Asheville, Walnut Cove, Biltmore Forrest and Western North Carolina’s Audio and Home Theater specialists present Cane Creek AV and Paul McGowan – PS Audio, Intl.

Before the 1970s, there were almost no detachable line cords. In those days, every stereo component had a fixed line cord held into the chassis by what we call a strain relief, a small black plastic 2-piece clamp held together by a thin strip of material.

There was even a special tool used to clamp the strain relief over the line cord before installing it into the chassis. Once in, you could dangle the unit from the line cord without it coming out.

Fast forward to 1970 when the IEC, the international electrical regulatory agency, released IEC 60320 Appliance couplers for household and similar general purposes. This daunting document ushered in standards for the detachable line cord, something we today consider de rigueur.

Change can be difficult for some. I remember a number of hand wringing discussions at PS Audio over the costs. A strain relief cost us less than $0.25 and a line cord about $1. An IEC AC inlet, on the other hand, hovered around a buck and a detachable cord an easy 3 bucks, plus additional labor to install the IEC with screws and nuts, an expensive custom punch die for the irregular shape that now had to be cut out of the chassis. All in, we went from easy and cheap to painful and expensive.

I can remember William Zane Johnson, owner and head designer of Audio Research, with arms folded in defiance. “Over my dead body,” was often heard from him when addressing the subject of switching from a captive line cord to the detachable variety. In Bill’s case, it wasn’t the expense but the insult of allowing outsiders to have a choice in what fed his equipment power. This was just at the beginning of the power cable wars and he wanted nothing to do with that lunacy (as he called it).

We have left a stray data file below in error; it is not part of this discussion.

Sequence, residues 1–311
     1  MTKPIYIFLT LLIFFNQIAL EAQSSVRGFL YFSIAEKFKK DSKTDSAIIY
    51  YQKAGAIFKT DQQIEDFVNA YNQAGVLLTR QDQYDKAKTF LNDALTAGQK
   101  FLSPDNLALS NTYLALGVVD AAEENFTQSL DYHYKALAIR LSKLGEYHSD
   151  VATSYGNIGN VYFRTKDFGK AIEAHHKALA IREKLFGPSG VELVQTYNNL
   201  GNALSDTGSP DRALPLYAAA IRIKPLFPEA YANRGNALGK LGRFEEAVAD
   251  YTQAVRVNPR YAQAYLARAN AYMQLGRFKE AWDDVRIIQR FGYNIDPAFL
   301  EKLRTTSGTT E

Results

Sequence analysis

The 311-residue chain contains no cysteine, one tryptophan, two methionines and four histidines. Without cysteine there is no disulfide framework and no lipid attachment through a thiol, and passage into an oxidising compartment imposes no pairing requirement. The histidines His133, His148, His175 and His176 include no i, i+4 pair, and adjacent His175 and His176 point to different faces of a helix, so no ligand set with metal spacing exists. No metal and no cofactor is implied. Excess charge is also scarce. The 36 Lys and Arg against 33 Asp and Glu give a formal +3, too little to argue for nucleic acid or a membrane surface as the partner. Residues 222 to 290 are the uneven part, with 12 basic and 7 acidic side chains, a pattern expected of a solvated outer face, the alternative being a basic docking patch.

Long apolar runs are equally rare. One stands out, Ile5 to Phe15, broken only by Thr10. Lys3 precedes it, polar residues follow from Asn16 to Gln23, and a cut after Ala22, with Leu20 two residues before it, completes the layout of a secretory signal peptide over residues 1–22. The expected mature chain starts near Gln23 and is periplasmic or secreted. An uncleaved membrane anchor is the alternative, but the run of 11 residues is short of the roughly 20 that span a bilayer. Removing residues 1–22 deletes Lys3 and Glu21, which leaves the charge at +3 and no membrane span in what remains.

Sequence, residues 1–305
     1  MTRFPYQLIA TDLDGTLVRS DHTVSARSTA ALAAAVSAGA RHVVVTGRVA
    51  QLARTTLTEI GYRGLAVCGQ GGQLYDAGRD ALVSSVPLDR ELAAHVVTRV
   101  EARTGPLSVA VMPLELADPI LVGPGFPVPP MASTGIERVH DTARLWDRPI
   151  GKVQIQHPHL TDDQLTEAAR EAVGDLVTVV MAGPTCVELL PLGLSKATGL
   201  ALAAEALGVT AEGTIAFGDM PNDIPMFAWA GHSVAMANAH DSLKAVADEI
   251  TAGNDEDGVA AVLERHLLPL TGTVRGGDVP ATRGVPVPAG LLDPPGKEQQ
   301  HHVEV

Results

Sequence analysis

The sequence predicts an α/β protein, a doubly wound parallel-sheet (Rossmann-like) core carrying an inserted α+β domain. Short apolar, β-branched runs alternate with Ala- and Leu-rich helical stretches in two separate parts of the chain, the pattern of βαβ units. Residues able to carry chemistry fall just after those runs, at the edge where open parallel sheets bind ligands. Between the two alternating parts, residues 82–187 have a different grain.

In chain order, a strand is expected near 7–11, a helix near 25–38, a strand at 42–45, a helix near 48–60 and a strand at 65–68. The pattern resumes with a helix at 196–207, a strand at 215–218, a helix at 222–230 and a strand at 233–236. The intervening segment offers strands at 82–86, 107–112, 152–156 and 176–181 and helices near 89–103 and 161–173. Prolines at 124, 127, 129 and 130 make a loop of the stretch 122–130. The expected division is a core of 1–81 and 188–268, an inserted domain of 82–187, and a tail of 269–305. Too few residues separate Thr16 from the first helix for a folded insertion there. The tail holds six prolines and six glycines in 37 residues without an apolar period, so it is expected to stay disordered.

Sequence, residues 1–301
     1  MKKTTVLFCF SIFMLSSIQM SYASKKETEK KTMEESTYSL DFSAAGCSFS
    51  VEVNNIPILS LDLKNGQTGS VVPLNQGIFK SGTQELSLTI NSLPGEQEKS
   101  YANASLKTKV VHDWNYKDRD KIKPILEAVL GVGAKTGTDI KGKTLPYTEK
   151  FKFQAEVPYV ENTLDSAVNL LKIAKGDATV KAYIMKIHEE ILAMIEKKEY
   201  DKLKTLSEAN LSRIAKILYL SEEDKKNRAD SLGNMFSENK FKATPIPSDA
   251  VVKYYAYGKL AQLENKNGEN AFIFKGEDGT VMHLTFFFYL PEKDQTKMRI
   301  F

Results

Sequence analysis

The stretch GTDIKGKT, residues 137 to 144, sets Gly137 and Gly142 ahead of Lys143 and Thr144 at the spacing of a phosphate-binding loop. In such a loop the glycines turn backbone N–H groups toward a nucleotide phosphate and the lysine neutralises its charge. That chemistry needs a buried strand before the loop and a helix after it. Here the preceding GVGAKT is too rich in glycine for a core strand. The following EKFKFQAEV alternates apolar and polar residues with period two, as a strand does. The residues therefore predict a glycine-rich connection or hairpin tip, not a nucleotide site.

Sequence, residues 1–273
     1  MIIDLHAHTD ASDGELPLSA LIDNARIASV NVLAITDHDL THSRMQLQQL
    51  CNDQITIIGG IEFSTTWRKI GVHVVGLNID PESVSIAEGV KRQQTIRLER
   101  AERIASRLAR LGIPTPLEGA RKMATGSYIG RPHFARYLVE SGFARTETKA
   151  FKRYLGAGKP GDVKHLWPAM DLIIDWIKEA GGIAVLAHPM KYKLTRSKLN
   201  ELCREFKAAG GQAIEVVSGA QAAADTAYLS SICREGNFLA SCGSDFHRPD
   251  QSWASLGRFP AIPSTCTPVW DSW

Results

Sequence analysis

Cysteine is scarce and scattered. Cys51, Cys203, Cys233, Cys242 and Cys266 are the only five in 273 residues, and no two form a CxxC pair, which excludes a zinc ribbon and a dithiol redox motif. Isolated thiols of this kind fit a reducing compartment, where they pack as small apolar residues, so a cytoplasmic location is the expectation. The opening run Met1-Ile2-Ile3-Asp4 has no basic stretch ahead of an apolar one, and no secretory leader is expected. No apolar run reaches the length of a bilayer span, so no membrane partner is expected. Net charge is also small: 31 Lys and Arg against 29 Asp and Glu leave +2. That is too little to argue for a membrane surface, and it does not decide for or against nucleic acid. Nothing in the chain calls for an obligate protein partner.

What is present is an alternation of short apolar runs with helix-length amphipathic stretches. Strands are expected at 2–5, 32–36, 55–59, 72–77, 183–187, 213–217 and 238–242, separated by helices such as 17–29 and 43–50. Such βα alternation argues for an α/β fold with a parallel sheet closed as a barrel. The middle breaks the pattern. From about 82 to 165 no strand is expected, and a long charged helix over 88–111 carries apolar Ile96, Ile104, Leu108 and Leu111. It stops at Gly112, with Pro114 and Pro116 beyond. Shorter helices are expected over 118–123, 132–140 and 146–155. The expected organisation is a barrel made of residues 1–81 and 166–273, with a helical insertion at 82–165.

Of course, today, we wouldn’t think of building products without detachable cords. But change comes hard.

Our values can remain fixed and, if they’re good ones, they should be inviolate.

But, that doesn’t mean we have to be stubborn with trying new ideas that might reinforce those same values.

 

Asheville, Walnut Cove, Biltmore Forrest and Western North Carolina’s Audio and Home Theater specialists present Cane Creek AV and Paul McGowan – PS Audio, Intl.

The forever problem

It seems like we’ve been living with our reference audio or video system forever. The mighty Infinity IRSVs have dominated our lives, determined our sonic course, helped sort out performance standards for what seems like an eternity. Yet, forever has only been 6 years.

6 years ago, it seemed like we had lived with our Magneplanar reference system (including the Tympani 1 bass panels and Martin Logan Descent subs) forever.

2 weeks into my strict weight loss program and it seems like I’ve been doing this forever.

And so it goes.

Has your music system been there forever? Is it time to think about an upgrade?

When new things happen; when our settled in comfort levels have been disrupted; when our feathers have been ruffled, we work hard at getting back to forever.

Forever is comfortable, but it can get old.

Asheville, Walnut Cove, Biltmore Forrest and Western North Carolina’s Audio and Home Theater specialists present Cane Creek AV and Paul McGowan – PS Audio, Intl.

Not that long ago